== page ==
The Australian government and business saves $1.1 billion every year thanks to a program introduced seven years ago that brought financial data standards into the business to government reporting process. Translated to the American economy, which has a GDP 10 times the size of Australia, the adoption of the right format, information and identifiers – a financial data standard – has the potential to create $11 billion in savings across the US economy. This infographic outlines the problems in U.S. regulatory reporting today.
The savings would be gained by reducing the clutter and waste in the regulatory reporting regime for businesses reporting to government agencies. Today, thousands of public and private companies, as well as financial institutions, report to an estimated 60 separate federal agencies, in addition to the myriad state and local agencies that maintain reporting requirements of their own. For decades, agencies have taken a siloed approach to data governance, interoperability and continually expanding reporting requirements. As a result, companies often report the same information to more than one agency, at different frequencies, using different definitions for the same values.
The single biggest problem caused by lack of standardization is the enormous and unnecessary cost to investors, companies, agencies and American taxpayers, who pay for this bloated system; and the significant burden on companies complying with confusing, duplicative regulatory requirements. This also affects users of the data: the inability to compare reporting organizations, lack of timelines, inaccuracies and big challenges in using data to make decisions.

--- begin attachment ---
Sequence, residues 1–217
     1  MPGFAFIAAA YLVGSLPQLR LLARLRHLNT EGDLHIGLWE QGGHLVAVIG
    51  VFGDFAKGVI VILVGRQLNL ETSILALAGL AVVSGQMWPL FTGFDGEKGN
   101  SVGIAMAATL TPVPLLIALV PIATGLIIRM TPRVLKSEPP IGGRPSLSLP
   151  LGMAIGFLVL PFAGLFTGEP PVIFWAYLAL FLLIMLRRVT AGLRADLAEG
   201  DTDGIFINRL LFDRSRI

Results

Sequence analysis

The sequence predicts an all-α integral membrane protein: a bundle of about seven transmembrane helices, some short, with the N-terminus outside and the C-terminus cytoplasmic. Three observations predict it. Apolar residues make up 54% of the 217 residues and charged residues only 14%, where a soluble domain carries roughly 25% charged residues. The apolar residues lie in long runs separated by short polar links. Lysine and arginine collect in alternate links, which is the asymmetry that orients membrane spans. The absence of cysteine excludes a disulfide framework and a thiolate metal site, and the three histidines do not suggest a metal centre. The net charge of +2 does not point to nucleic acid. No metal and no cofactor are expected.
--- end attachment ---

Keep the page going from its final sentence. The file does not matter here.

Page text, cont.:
Adopting the appropriate financial data standard, across all agencies and for all reporting entities would resolve these issues and could translate into the substantial savings that Australia is enjoying today, but at the magnitude of the U.S. economy.
A standard by definition, is a single approach that is used by many, e.g., UPC codes, electrical voltage or WiFi signals. This “sameness” squeezes unnecessary cost out of the process because stakeholders can leverage the same applications.
Here’s what needs to happen.
The U. S. Congress must authorize the creation of a single taxonomy and single repository governing all regulatory data reported.